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Consumer Confidence

 


 


Most theories of consumption place emphasis on the importance of consumer confidence in determining levels of spending.

 

The willingness and ability of households to finance their spending can change as the state of the economy alters. For example in an economic slowdown, the fear of rising unemployment may cause confidence to decline. Spending on "big-ticket items" such as a new car or a new kitchen may then fall.

 

Conversely, in a cyclical upswing we expect to see a recovery in consumer sentiment and a greater willingness to go out and commit to higher levels of spending. This was certainly apparent in 1997-98 when spending was fuelled by windfall gains and rising real incomes. Another rebound in confidence is apparent in 1999 early 2000 as the economy picks up from a slowdown in activity.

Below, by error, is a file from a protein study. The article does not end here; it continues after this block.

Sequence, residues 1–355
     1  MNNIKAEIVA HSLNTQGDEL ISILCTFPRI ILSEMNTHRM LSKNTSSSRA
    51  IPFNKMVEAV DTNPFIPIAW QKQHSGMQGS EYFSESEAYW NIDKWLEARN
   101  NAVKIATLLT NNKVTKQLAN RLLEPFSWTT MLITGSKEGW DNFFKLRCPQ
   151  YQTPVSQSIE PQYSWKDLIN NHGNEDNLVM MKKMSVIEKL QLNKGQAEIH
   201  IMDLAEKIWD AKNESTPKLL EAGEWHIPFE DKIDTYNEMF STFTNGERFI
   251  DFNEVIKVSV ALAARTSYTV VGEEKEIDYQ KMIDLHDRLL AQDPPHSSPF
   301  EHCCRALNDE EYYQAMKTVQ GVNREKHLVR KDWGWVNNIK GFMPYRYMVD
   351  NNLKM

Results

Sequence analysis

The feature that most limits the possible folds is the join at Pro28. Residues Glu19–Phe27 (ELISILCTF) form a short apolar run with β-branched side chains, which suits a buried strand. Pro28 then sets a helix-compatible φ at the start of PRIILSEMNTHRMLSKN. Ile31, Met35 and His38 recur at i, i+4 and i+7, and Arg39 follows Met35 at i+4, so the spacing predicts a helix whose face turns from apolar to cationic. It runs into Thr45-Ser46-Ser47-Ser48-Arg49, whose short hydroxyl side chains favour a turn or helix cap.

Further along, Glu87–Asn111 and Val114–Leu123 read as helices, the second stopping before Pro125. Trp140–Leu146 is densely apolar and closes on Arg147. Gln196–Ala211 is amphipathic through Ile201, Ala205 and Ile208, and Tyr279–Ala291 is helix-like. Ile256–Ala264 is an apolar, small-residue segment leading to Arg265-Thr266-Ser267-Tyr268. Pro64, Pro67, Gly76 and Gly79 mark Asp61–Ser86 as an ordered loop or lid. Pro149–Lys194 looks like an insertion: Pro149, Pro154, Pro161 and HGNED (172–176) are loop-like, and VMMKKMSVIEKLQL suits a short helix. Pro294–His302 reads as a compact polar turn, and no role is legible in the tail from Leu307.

The Bank of England looks closely at the consumer confidence figures when assessing future movements in demand and output. High confidence levels may be used as evidence to raise interest rates to control the growth of household demand.  Lots of economic factors affect the overall state of consumer confidence. Some of these factors include:

        The level of interest rates (including mortgage rates)

        Changes in unemployment and the state of job security / insecurity

        Expectations of inflation

        Changes to direct and indirect taxation

        Windfall Gains (for example arising from the stock market floatation of many former building societies)

 

 

 

E-mail Steve Margetts